Courses during the exchange period

Courses corresponding to semester 6 at KI

I performed the practical work of my bachelor’s thesis at NUS.

Language and Culture

In Singapore most people have good English. Everything in public areas is kept in 4 languages (Tamil, Malay, Hokkien and English), but English is the lingua franca. In normal conversation most people will use Singlish, a version of English with oversimplified grammar and sentence order with slang words. It is common for even your supervisor to ask “Can?”, to which the reply is “Can.” Or “Cannot”. I found the pronunciation and slang quite endearing and will miss it a bit. I did not take any language courses. 

Culturally there were of course some differences. In the working environment there are bigger differences between supervisor and student than in Sweden. This can be very extreme in the case of the PI. I was lucky, to have a more relaxed PI, but you will be talked over. I recommend choosing a supervisor that has some experience from abroad, so they accept and can understand when you speak up. 

Singaporeans I found very pleasant to talk to. In the public they are open, friendly and respect one another. Most are properly and well dressed, so I preferred to look the part as well. It is very easy to make friends and to meet for food. I found that food is the one thing Singaporeans really can talk about forever and it is a great conversation starter. This is not a surprise, as there are many excellent food cultures present in Singapore (make sure to get invited to a Chinese New Year celebration with steam boat!). 

There are many different festivities (Thaipusam, Chinese New Year, …) to be held by the various communities, as well as Singapore specific events like the chingay parade. I could go on forever, but I think I will start to swoon then. It really is worth experiencing it by yourself!

The Bhudda Tooth Relic temple in Chinatown was lit up beautifully for Chinese New Year. There were celebrations in the city and at peoples homes.

Leisure time and social activities

In my leisure time I partook in many social activities organized by the university and by students. There were organized parties, a Chinese New Year event, Astronomy events, and many more. The residence I stayed at also arranged events like Dragon boating and Biking on Pulau Ubin, a small Singaporean island. 

On campus there was the option to use all facilities, like the pool, gym, etc. for free. I never figured out how to book a tennis court though. There are also teams that you can join for free and I joined the waterpolo team, and even though I had never done it before I was welcomed heartily.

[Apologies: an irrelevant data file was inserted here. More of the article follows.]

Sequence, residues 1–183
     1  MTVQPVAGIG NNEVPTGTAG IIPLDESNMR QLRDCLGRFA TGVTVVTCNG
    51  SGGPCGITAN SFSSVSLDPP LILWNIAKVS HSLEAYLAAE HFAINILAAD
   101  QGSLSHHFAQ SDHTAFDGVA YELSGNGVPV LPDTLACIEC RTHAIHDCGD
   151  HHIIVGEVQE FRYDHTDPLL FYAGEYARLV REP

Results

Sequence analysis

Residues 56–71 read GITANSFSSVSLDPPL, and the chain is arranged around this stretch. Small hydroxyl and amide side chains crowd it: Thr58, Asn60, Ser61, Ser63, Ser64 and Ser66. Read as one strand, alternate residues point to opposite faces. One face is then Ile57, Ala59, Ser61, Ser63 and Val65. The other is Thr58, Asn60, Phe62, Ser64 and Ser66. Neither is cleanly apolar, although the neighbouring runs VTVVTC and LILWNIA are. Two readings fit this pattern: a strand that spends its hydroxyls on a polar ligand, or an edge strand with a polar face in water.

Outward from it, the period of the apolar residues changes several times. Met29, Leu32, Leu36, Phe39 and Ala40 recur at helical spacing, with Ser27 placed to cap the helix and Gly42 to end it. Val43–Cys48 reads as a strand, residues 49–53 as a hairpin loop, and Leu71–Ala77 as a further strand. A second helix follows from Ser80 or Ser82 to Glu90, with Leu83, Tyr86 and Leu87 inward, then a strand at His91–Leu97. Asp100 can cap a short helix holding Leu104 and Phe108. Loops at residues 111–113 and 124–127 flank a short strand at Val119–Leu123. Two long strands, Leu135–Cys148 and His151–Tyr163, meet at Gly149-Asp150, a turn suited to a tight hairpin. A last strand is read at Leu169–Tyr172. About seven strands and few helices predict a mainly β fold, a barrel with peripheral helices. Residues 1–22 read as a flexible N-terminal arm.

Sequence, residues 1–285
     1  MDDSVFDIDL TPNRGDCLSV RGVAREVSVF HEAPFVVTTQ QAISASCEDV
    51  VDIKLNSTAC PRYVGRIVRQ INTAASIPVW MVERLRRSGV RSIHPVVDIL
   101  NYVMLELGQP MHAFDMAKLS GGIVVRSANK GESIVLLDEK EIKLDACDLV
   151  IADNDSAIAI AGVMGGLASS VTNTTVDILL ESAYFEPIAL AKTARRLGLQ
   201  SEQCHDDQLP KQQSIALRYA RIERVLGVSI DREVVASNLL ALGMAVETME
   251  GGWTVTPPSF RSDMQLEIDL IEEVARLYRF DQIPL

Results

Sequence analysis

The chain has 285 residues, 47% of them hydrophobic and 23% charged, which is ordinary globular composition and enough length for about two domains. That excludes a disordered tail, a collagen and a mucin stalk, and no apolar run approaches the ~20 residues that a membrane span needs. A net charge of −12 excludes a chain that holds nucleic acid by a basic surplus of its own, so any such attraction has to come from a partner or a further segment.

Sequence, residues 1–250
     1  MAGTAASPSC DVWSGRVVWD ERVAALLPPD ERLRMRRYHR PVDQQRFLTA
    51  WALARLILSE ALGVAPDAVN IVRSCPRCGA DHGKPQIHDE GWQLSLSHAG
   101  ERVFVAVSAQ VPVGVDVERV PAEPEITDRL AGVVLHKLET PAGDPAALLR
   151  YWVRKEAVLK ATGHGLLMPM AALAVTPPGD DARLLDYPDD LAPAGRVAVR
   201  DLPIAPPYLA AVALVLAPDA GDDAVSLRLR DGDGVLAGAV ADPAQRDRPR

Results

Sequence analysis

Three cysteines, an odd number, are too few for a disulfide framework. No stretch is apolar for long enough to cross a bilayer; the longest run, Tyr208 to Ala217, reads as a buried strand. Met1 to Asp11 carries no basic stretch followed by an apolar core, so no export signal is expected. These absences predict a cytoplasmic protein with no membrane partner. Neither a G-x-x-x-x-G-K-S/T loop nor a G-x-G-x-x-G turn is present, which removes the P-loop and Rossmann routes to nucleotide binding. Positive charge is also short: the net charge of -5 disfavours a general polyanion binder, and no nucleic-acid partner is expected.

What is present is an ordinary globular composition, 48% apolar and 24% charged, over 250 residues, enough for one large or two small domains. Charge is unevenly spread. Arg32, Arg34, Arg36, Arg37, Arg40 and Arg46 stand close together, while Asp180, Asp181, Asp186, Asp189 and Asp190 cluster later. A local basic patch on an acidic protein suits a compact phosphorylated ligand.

In the city there are also countless leisure activities, from all the hikes (green corridor is a secret gem and Sungai Buloh is a must to see wild crocodiles (and snakes…)), to the hidden culture (Bukit brown cemetary beats skogskyrkogården by miles). From all the food courts to explore, the cultural quarters and the countless events held by marina bay it was difficult getting bored in Singapore. The bigger question was when I had time for all these great things after lab.

One can feel like Raffles (explorer and founder of Singapore) when delving into the overgrown jungle-graveyard. Bukit brown was one of the most unique places to me in Singapore and one that I would not have expected in such an ordered city.


Going on the exchange in Singapore has influenced me in many ways. As a student I experienced an environment with very different work ethics and I learned to adapt to them. I also learned the value of what we have in Sweden. Personally, struggling in the lab made me grow stronger and much more aware of how to run a functional lab and how not to. The exposure to this will hopefully positively shape in my working approaches in the future. 

Generally I enjoyed my time in Singapore tremendously. The people were extremely kind and overjoyed to show me their culture and traditions. There was everything I could wish for: Skyscrapers, Beaches, Jungles, Religions, Foods, all the friends I had and made, and sometimes when the other end of the world was too much to take in, the option to just have some Swedish kanelbullar in Kampong Glam. 

I wish I could go back to Singapore.

The best thing about Singapore is its varitey. From the different cutures and foods to the many different building styles and the interplay between city and nature there is always something in Singapore for everyone.